Donald Trump’s strength as a candidate was, in part, his rejection of the various self-imposed constraints imposed by the permanent bureaucracy, i.e., the Deep State. This included his deep skepticism of the continuation of American empire, which demands that our forces remain deployed indefinitely in a part of the world where they have had the least positive impact, the Middle East. For seven years, Syria has been cursed with a multiparty civil war composed of various factions, and no one is blameless among them.

To the extent we have any strategic interest in the region, it is the continuation of stable, if undemocratic, regimes. As evidenced by the chaos and long insurgency following the fall of Saddam Hussein in Iraq, and the brutal devolution of Egyptian secularism following the arrest of Hosni Mubarack, sometimes a predictable, secular strongman is the best we can hope for. But even better, we should stay out of these matters as much as possible, especially when there is no obvious just cause, nor any clear American interest.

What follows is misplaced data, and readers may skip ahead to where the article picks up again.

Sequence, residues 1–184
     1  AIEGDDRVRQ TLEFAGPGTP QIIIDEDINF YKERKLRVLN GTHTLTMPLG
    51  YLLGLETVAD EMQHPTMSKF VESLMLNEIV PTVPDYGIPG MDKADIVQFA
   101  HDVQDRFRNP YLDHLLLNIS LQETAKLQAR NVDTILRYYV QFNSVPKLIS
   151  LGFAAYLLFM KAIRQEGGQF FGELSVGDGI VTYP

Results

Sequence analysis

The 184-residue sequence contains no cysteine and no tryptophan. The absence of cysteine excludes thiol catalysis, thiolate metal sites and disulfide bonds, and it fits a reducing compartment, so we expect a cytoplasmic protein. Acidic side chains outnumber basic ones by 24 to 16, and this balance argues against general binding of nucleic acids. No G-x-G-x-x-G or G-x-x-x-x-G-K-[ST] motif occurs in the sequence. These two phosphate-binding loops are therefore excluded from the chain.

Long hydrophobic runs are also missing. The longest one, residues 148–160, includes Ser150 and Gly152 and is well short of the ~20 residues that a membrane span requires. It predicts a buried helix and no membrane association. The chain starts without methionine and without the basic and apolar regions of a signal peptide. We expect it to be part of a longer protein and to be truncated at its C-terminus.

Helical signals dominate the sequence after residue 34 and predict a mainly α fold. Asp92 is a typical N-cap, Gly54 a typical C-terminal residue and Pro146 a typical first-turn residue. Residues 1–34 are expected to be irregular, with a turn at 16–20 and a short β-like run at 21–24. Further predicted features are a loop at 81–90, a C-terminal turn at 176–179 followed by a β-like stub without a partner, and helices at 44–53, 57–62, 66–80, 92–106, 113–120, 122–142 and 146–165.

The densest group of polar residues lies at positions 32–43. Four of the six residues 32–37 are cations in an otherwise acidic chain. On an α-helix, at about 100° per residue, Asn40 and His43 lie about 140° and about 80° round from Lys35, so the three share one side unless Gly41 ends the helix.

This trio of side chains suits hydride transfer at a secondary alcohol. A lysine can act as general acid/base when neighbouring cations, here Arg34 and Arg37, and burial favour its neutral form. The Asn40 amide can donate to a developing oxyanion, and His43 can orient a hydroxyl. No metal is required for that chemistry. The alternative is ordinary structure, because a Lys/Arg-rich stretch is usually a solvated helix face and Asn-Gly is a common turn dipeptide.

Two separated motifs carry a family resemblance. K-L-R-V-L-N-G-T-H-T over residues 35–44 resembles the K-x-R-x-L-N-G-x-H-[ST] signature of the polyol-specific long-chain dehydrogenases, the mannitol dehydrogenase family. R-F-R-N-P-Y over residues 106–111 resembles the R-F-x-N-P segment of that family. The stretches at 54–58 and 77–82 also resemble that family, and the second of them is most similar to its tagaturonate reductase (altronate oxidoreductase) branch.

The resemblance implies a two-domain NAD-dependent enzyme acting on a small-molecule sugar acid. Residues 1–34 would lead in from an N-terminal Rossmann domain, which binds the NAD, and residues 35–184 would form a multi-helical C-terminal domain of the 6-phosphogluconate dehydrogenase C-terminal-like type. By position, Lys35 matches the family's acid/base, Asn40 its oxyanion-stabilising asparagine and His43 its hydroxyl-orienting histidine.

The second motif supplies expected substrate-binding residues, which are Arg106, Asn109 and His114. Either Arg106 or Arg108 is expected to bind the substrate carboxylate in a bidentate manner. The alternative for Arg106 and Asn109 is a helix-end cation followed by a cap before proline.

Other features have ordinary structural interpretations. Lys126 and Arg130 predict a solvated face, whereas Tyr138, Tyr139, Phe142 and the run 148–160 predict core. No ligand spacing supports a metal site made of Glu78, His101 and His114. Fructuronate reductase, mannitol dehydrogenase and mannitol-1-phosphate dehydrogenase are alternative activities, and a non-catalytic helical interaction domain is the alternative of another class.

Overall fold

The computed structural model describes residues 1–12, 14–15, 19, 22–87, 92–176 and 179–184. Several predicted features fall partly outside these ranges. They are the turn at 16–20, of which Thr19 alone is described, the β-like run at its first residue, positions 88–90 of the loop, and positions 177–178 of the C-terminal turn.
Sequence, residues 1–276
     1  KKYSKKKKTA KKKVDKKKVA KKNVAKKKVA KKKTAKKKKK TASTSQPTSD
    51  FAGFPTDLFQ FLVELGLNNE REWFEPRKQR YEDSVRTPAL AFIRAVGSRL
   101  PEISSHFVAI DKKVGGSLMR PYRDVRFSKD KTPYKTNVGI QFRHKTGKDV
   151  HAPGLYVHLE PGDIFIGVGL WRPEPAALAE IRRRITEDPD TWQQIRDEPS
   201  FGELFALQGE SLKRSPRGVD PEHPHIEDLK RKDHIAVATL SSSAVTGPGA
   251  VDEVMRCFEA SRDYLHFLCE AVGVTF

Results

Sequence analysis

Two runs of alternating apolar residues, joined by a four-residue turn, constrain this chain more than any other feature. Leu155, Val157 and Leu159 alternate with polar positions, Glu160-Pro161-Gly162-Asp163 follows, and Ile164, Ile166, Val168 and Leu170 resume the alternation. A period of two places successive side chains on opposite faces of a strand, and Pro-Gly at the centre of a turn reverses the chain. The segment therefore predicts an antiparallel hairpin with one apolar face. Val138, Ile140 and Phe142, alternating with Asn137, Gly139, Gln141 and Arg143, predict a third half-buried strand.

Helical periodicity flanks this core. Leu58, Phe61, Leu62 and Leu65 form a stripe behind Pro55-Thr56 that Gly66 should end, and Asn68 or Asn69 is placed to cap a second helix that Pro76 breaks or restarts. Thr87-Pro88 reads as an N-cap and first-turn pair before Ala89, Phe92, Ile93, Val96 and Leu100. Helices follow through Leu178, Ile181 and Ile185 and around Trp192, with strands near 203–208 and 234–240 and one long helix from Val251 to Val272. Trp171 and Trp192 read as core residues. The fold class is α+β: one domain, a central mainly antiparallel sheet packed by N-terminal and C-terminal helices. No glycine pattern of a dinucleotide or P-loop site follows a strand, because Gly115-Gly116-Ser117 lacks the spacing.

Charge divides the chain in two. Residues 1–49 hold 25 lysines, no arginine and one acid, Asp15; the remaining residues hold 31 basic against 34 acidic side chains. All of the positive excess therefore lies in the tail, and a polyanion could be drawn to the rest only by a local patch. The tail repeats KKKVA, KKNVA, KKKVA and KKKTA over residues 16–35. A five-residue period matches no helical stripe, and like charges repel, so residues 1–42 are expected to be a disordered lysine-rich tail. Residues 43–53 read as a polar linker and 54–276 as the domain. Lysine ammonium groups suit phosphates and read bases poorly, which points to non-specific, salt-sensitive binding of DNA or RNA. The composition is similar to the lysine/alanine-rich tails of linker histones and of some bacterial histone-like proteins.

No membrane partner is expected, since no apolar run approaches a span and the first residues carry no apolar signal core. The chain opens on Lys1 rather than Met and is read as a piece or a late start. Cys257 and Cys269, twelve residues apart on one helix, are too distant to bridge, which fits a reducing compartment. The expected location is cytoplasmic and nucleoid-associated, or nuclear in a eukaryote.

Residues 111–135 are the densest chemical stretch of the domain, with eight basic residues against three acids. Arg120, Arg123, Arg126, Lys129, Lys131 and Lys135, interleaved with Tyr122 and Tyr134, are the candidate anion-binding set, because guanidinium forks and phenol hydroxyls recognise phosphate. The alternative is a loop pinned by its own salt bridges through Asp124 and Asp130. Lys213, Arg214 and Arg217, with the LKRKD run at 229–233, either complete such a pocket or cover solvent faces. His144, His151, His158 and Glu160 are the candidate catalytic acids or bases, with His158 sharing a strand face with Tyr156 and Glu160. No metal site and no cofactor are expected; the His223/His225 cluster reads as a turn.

The introduction of chemical weapons into the mix admittedly complicates matters. There is a case to be made that maintaining this norm against using chemical weapons is in America’s interest. But before we unleash cruise missiles and bombs, everyone agrees (I hope) that we should first make sure we have the right guy. Here, when we ask, “Who would do something like that?” the answer seems to be everyone but Assad.

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Photo credit:  Saher el Hacci/Anadolu Agency/Getty Images

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About Christopher Roach

Christopher Roach is an adjunct fellow of the Center for American Greatness and an attorney in private practice based in Florida. He is a double graduate of the University of Chicago and has previously been published by The Federalist, Takimag, Chronicles, the Washington Legal Foundation, the Marine Corps Gazette, and the Orlando Sentinel. The views presented are solely his own.

Photo: ALEPPO, SYRIA - APRIL 05: Syrian civilians are seen as the fifteenth convoy of vehicles, carrying civilians from Eastern Goutha arrive in Al-Bab district, in Aleppo in Syria on April 05, 2018. (Photo by Saher el Hacci/Anadolu Agency/Getty Images)